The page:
Nonalcoholic fatty liver disease: A potential consequence of tumor necrosis factor-inhibitor therapy

Linda A. Feagins, Avegail Flores, Cristina Arriens, Christina Park, Terri Crook, Andreas Reimold, Geri Brown

Research output: Contribution to journalArticle

4 Citations (Scopus)

Abstract

Introduction Although tumor necrosis factor inhibitors (TNFi) might be expected to protect against nonalcoholic fatty liver disease (NAFLD), we have seen patients who appeared to develop NAFLD during TNFi treatment. We aimed to explore risk factors for this TNFi complication in a case-control study. Methods We reviewed clinic records at our VA hospital to identify patients with inflammatory diseases who developed aminotransferase elevations during TNFi therapy and who had liver biopsies showing NAFLD. These patients were matched with patients in each of three control groups: (i) inflammatory disease controls: patients on TNFi treatment with normal aminotransferase levels, (ii) nonalcoholic steatohepatitis (NASH) controls: patients with biopsy-proven NASH with no other inflammatory disease, and (iii) healthy controls. Genotyping was performed for PNPLA3, a gene predisposing to NASH. Results We identified eight cases (five steatohepatitis, three steatosis); elevated aminotransferase levels were first observed 1-63 months into TNFi therapy (average 12 months). TNFi therapy was stopped in five patients, whose aminotransferase levels then normalized within 2-8 months. There were no significant differences between cases and inflammatory disease controls in the frequency of features of metabolic syndrome. Cases had more methotrexate exposure than inflammatory controls (50 vs. 12.5%, P=0.28). PNPLA3 genotyping revealed mutations in 75% of cases, 38% of inflammatory controls, 88% of NASH controls, and 63% of healthy controls (P=NS). Conclusion Our findings suggest that NAFLD can be a side effect of TNFi therapy, and that methotrexate exposure and PNPLA3 gene mutations might be risk factors. Further studies are needed to determine how TNFi causes NAFLD and to confirm these risk factors.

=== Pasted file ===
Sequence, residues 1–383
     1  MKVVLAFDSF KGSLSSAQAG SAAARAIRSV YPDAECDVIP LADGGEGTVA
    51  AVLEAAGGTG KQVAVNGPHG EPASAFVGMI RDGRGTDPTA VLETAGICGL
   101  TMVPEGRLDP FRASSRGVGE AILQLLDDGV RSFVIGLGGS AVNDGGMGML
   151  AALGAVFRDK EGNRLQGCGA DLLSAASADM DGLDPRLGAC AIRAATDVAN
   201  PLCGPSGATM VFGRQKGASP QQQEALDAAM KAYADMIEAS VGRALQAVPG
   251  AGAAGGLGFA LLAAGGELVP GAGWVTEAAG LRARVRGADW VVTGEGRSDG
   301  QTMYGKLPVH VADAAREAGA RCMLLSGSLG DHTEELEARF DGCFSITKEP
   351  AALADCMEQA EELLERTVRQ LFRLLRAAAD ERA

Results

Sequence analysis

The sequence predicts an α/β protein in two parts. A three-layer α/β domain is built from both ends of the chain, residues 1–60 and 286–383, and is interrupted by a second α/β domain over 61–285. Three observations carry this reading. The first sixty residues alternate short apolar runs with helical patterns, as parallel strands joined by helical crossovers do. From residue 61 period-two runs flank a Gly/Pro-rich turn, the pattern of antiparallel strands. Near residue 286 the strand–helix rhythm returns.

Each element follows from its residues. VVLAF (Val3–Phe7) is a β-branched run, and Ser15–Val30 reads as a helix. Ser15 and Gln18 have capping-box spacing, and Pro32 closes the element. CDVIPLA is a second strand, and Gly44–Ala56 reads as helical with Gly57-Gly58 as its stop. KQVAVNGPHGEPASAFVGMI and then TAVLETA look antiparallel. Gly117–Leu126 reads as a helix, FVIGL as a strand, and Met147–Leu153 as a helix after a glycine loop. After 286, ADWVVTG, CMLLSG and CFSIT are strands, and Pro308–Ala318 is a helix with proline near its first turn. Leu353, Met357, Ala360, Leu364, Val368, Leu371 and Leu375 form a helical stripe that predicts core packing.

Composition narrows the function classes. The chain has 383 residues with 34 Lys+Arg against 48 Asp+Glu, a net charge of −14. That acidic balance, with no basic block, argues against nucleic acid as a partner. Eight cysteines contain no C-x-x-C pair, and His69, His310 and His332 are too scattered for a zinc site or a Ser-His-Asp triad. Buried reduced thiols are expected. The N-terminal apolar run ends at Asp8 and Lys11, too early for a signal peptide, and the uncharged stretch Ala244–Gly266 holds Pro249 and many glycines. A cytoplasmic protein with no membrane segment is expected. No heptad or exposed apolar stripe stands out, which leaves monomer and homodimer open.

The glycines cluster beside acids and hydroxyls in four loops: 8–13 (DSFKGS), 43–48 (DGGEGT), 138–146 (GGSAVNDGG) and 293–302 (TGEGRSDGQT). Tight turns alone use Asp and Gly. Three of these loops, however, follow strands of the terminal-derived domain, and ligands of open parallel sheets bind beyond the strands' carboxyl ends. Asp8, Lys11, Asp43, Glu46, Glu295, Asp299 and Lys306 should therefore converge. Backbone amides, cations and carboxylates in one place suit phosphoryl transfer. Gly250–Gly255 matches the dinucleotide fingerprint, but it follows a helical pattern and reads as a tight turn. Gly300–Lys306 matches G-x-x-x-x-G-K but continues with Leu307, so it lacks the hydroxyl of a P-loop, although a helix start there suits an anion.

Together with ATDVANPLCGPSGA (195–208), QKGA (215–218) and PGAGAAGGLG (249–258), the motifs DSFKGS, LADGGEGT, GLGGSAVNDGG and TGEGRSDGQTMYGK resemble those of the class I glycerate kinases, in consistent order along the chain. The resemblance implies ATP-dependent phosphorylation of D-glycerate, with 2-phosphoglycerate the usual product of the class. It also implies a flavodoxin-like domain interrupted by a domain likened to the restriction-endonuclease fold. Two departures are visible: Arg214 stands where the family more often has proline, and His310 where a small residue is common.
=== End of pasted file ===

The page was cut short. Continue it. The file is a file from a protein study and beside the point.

Original languageEnglish (US)
Pages (from-to)1154-1160
Number of pages7
JournalEuropean Journal of Gastroenterology and Hepatology
Volume27
Issue number10
DOIs
StatePublished - Sep 18 2015

Fingerprint

Tumor Necrosis Factor-alpha
Transaminases
Therapeutics
Methotrexate